[I wrote an earlier version of this article which I felt needed revising. This is the second and final version].
He read the following to me from The King James Bible, Psalm 22:
16 For dogs have compassed me: the assembly of the wicked have inclosed me: they pierced my hands and my feet.
My Christian friend drew my attention to the detailed prediction of verse 16 ‘they pierced my hands and my feet.’ This supposedly refers to Jesus’ crucifixion on the cross as told in the gospels.
I remarked that my Jewish Study Bible (published by Oxford University Press) has a different translation, which gives a rather different meaning. He looked at me very skeptically and said that “God’s Word was very clear in Psalm 22” and that I had not provided any proof of my claim. Of course I did not have The Jewish Study Bible with me at Speakers Corner. But I do now, and here is the translation of verse 16:
Dogs surround me;
a pack of evil ones closes in on me,
like lions [they maul] my hands and feet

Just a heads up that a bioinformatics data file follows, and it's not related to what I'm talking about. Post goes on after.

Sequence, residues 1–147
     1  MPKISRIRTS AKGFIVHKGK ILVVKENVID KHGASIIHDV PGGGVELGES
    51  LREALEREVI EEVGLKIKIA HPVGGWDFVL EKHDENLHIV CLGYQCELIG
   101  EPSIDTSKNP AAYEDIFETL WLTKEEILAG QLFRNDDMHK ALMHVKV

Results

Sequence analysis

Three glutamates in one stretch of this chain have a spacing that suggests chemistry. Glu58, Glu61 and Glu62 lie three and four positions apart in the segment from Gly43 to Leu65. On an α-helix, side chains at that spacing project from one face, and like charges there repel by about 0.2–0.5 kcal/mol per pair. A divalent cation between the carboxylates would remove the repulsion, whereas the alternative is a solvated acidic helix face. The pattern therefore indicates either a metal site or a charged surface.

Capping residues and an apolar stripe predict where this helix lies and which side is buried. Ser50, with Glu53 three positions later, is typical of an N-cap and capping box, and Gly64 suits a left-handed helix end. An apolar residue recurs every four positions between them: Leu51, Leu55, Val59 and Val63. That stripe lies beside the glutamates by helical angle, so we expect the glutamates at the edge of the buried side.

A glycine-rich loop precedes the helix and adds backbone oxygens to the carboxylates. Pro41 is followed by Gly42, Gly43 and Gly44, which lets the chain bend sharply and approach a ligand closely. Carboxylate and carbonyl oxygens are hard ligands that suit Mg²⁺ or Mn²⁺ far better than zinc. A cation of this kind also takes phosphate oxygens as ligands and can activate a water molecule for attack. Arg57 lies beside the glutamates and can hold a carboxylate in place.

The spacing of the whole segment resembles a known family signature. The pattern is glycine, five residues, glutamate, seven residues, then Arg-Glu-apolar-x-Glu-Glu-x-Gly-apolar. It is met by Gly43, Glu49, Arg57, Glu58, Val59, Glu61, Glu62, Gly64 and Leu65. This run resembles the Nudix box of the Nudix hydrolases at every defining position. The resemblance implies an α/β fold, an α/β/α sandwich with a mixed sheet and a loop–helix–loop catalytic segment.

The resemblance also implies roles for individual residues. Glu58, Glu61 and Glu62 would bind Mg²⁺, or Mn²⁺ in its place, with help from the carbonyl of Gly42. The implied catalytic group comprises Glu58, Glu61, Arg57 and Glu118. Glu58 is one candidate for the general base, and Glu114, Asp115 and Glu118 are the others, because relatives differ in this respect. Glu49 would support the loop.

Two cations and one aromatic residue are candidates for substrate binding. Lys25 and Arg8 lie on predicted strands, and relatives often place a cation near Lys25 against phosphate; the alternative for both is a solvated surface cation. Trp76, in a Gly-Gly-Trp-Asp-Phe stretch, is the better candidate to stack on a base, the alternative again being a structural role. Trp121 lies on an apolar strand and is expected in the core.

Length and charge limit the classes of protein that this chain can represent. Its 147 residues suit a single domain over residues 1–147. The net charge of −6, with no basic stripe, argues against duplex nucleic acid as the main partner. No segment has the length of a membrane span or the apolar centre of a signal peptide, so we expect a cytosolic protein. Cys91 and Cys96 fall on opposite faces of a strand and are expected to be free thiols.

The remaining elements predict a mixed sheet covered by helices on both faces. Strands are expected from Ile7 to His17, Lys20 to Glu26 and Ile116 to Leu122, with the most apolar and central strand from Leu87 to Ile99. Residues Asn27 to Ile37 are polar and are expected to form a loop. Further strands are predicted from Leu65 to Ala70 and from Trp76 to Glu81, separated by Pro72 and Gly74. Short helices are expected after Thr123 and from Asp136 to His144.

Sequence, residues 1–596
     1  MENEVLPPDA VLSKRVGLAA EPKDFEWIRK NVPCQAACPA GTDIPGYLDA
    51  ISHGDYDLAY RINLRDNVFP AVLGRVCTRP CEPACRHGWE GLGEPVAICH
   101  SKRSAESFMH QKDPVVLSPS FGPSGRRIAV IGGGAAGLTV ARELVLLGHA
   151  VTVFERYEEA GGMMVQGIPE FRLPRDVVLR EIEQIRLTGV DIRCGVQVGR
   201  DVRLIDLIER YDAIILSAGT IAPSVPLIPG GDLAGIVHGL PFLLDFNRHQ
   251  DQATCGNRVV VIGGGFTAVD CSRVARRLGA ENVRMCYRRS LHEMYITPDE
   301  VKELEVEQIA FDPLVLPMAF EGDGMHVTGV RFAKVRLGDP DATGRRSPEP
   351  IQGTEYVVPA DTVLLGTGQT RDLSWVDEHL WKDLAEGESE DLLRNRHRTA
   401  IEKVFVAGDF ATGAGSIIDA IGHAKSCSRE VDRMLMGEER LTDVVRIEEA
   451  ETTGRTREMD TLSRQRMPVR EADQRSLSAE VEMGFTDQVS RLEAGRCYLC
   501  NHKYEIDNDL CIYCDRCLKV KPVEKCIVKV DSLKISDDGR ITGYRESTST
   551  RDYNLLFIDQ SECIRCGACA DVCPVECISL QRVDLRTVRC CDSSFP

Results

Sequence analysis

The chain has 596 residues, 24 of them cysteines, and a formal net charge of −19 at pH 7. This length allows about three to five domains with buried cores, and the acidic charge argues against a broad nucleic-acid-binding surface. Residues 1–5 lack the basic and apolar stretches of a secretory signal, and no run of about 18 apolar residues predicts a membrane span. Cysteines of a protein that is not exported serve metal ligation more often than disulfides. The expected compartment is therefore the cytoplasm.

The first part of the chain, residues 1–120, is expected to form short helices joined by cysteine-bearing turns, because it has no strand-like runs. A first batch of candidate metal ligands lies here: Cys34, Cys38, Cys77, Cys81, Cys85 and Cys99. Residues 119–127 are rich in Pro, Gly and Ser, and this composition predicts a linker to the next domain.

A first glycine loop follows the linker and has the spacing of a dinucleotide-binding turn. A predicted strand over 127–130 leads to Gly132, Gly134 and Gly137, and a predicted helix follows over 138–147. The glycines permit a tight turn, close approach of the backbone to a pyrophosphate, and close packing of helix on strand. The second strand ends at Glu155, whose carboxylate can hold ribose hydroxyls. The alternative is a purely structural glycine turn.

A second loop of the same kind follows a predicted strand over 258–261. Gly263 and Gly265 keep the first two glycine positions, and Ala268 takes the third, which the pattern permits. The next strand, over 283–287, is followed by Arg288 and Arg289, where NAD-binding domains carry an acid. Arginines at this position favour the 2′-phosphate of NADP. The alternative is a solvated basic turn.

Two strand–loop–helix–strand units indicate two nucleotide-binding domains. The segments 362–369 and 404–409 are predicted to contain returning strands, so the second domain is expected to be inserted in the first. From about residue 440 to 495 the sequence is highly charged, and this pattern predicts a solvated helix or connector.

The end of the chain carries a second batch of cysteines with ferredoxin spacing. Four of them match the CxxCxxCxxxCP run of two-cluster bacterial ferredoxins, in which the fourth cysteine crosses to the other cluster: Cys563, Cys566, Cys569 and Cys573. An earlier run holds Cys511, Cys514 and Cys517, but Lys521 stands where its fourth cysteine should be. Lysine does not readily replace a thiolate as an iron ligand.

I also checked some modern Christian translations of the Bible. The respected New Revised Standard Version (produced by Professor Bruce Metzger) renders the verse:
For dogs are all around me;
a company of evildoers encircles me.
My hands and feet have shrivelled;
The New Jerusalem Bible has:
A pack of dogs surrounds me, a gang of villains closing in on me as if to hack off my hands and my feet.
There seems to be considerable scholarly disagreement about the meaning of this verse, as most other modern Christian translations (such as the NIV) follow the KJV. I am not a scholar and I know no Hebrew, so I don’t feel qualified to make a convincing case either way.
But it seems fair to conclude that this favourite proof text employed by Christians as a prophecy of Jesus is no longer as certain as it once was.
I recommend the article They have pierced my hands and my feet for an interesting discussion of the translation problems.
Also there is a fascinating discussion from a Jewish perspective: Why do the respective Jewish and Christian renderings of Psalms 22:17 (16 in some versions) differ in the translation of the Hebrew word ka-‘ari?